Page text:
In our example, the “list” of preferred formats was only one item long, so the clipboard took the plain text of the copied data provided by Word and gave it to Notepad.
The clipboard doesn’t really care or even understand what’s being copied or pasted; it just acts as an intermediary between the program from which data is copied and the program into which the data is pasted.
Those programs, on the other hand, care a lot. For example, we can use copy/paste to move files around in Windows File Explorer, but pasting a file into Notepad doesn’t make sense.
You can’t paste just anything anywhere — one of the formats offered by the source of whatever it is you want to copy must be a form that the destination understands. If that can’t happen, you can’t paste. In most cases, that manifests as a greyed-out “Paste” item in the destination application.
When things get big, really big
There’s no conceptual limit as to how big something can be for copy/paste. There are practical limits, and they come from not-so-obvious places.
The clipboard itself can only hold so much, but that doesn’t prevent it from brokering larger items. When a large item is copied to the clipboard, it can elect to keep only the available format information and not the data. Instead, the application in which the copy happened must hold on to the data until the someone requests it (or the clipboard is replaced or emptied). When a paste occurs, the information is transferred from application to application — the clipboard acts only as an intermediary to facilitate the exchange.
- The application in which you hit “copy” tells the clipboard that the data is available, how large it is, and what formats are available.
- The application into which you “paste” tells the clipboard that it wants the data, and in which format.
- The clipboard essentially says, “You guys figure it out”, and the data is transferred directly from one application to the other.
This technique results in behavior that might confuse you. For example, what happens when you close the first application before you paste into the second?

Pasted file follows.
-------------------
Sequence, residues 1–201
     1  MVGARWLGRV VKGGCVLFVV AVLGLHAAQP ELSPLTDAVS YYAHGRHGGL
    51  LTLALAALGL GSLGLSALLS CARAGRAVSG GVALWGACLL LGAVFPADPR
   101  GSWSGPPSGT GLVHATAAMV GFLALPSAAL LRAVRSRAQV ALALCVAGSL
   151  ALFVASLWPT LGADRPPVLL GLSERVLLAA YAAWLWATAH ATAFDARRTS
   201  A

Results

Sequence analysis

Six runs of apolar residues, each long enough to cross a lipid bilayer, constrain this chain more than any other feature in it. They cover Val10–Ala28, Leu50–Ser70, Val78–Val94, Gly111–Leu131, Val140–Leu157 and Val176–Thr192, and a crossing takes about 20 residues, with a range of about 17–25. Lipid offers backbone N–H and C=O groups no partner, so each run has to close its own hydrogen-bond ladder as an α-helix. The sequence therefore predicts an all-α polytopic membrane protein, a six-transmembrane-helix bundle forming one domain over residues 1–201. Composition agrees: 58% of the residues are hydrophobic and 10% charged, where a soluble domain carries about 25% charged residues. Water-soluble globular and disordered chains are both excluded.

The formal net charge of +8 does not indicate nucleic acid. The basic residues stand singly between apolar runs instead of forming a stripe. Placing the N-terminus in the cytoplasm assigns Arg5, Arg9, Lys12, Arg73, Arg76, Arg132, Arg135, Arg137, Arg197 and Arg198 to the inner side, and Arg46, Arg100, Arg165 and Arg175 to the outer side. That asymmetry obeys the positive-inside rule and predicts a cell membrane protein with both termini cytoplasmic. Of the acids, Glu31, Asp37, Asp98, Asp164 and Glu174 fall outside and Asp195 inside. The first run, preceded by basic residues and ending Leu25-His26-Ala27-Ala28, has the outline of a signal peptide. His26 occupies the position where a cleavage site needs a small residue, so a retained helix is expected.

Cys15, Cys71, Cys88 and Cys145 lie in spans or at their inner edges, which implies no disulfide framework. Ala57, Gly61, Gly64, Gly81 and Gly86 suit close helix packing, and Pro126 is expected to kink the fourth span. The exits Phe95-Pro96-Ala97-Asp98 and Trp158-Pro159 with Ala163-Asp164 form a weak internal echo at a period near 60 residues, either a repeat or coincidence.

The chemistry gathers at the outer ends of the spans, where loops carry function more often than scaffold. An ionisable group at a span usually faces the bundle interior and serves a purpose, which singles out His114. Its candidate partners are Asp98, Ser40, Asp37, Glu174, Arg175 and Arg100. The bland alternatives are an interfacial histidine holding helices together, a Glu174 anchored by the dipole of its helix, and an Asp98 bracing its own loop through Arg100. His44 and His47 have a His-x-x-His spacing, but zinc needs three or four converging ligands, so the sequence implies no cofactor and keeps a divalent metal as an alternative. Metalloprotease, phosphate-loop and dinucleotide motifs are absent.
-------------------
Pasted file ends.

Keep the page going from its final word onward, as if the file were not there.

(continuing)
Closing the copy source before the paste
When the data is copied to the clipboard, as in our earlier example of a small copy/paste, it doesn’t matter if the source application is closed before you paste. Everything necessary was placed into the clipboard and remains available for a paste operation.
In the example of a large copy, though, where the clipboard doesn’t hold the actual data, there are two options when the source application goes away:
- The clipboard can be emptied. The source application isn’t available to provide the copied data, so there’s nothing to paste.
- The data can be written to disk for the clipboard to access later when a paste is requested.
I’ve seen both; it varies from application to application. When you close an application that has made something large available to the clipboard, it may:
- Write it to disk without asking
- Offer to write to disk (as Word is doing in the example above)
- Offer to abort the exit so the program keeps running to provide the information via the clipboard
- Empty the clipboard without asking
The clipboard’s about more than the clipboard
Needless to say, I’ve only scratched the surface of the clipboard’s capabilities.
Perhaps most important is to realize that the clipboard’s functionality — beyond its role as intermediary — is provided by the applications from which you can copy and into which you can paste. They control what can be copied, where it can be pasted, and what results or transformations — like fancy text to plain text — are available.